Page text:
Some programs did this same thing, but instead of using a function, subtracted 65, which is the ASCII value for A. That's fine, but should be marked with a comment. A reader who doesn't have the ASCII table committed to memory might see 65 and wonder where that magic number came from.

However, some programs did this:

            if(col == 'A'){
                column = 1;
            else if(col == 'B'){
                column = 2;
            else if(col == 'C'){
                column = 3;
            [ and so on for another two pages ]

Worse, some combined this with the Repeated Blocks of Code problem and so had two sets of these. Some didn't have the else keywords, and so instead of stopping after getting a match they continued through all the other tests, even though all the others were going to fail.

And even worse than that, some of them only did this through E, meaning that any grid larger than 5x5 wouldn't be processed correctly at all, even though the problem statement said that grids could be up to 21x21, meaning you had to go all the way to U. (Some programs went all the way to Z, which, while unnecessary, at least meant all valid data would be processed.)

Off-by-One Errors

The problem spec says that rows are numbered starting at one, and columns are lettered starting at A. Many languages start arrays at zero. Which means that if you create an array that's 5x5, its indices are from the set {0, 1, 2, 3, 4}. Several entries mark claimed positions with code that just takes the row number as is, without subtracting one. This means that an input of C5, perfectly valid on a 5x5 board, throws an error because the array doesn't go to 5.

Readability Problems
Uncommented Blocks

One program included this:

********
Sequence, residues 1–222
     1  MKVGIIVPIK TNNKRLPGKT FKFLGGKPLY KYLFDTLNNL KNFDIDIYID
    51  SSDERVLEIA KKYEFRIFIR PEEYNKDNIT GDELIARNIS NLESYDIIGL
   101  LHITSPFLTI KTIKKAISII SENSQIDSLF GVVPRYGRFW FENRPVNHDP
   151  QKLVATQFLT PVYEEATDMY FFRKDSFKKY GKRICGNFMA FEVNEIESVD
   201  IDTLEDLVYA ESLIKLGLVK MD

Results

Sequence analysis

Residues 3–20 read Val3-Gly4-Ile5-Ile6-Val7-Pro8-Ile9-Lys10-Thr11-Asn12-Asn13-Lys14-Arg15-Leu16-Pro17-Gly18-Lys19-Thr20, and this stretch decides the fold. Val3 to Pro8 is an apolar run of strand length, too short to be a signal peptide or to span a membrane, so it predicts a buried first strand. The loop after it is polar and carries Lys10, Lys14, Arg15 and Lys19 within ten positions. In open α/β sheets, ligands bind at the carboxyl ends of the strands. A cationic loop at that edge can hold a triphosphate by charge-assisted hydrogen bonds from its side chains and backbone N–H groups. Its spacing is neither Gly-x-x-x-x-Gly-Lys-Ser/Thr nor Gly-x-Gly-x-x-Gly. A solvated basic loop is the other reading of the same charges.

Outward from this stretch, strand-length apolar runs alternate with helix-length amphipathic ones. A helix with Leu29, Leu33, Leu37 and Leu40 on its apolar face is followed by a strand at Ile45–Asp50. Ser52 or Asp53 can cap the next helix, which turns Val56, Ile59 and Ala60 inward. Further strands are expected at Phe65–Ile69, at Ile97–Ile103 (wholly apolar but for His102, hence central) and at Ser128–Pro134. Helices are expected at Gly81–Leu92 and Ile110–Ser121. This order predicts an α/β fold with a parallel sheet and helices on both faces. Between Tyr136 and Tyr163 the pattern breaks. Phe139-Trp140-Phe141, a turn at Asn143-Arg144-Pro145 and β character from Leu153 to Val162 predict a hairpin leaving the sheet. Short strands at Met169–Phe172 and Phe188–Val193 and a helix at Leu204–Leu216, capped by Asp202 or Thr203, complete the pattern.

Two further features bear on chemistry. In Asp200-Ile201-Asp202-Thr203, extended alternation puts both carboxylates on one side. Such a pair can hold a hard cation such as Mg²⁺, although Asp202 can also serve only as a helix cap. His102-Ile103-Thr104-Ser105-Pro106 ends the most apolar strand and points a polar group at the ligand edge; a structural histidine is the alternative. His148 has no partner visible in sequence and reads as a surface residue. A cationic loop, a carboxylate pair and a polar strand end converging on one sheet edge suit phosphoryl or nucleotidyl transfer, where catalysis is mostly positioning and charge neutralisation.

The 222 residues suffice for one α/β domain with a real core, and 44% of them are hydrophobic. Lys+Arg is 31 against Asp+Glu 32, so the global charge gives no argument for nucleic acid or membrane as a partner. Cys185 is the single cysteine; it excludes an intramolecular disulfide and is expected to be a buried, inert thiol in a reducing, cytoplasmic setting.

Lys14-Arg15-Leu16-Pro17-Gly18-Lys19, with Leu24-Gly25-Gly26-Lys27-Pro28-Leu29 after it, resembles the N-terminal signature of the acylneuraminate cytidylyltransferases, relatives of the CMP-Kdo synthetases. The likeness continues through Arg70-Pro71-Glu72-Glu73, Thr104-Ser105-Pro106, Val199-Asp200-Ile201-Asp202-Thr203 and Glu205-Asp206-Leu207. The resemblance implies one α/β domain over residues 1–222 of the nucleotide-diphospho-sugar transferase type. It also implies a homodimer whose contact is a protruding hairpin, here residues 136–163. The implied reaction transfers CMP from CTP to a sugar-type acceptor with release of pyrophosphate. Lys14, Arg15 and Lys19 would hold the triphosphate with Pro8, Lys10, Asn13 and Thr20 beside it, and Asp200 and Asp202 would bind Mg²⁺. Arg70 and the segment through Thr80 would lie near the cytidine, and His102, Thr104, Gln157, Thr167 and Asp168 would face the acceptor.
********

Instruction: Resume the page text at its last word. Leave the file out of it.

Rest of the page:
bo.movecomp(row, column);
            bo.moveplayer(row, column);

We decided that maybe the /2 was a typo, and the second if was supposed to be count%2!=0. But if that's the case, why not just use an else?

In any case, as there were no comments at all, the judges gave up trying to figure it out.

Also, this code has poor use of whitespace. The code inside the blocks isn't indented, and there are no spaces around the operators or variables in the conditions.

Poor Variable and Function Names

One Python program included this:

            list1 = []
            list2 = []

Okay, so those are lists, we could tell that from the code. What do they store?

One entry declared variables with names a and b. No explanation of what they were for, and with names so generic it wasn't obvious from the code.

One entry went on to use d, e, f, and g.

Another program declared a 3D array called box. As the game board is two-dimensional, it was unclear what this was for. There were no comments to explain, and the code was no help.

Magic Numbers

One program declared the board this way:

            hexBoard = new String[boardsize+5][boardSize]

Why +5? It's never explained.

Incorrect Indentation

Indentation should reflect program structure. In Python, this is required, but in many languages whitespace is ignored. As a result, programs can be indented in ways that are misleading. For example:

    if ( x == 9 )
        if ( y == 7 )

This may look like it will print Zop if x is 8, but it won't. It will print nothing if x is 8. The else goes with the closest if, so this only prints Zop if x is 9 and y is not 7. The incorrect indentation is misleading. This makes programs difficult to read, which makes them hard to debug.

Other Mistakes
Mixing Up Rows and Columns

One disastrous mistake made by one team was getting the rows and columns backwards when reading already taken spots. The spot B4, after accounting for arrays starting at zero, should map to the array location [1, 3]. This program would put that at [3, 1]. The code was otherwise pretty good, but by mismarking the already-taken spaces for X and O, it could never get a correct answer.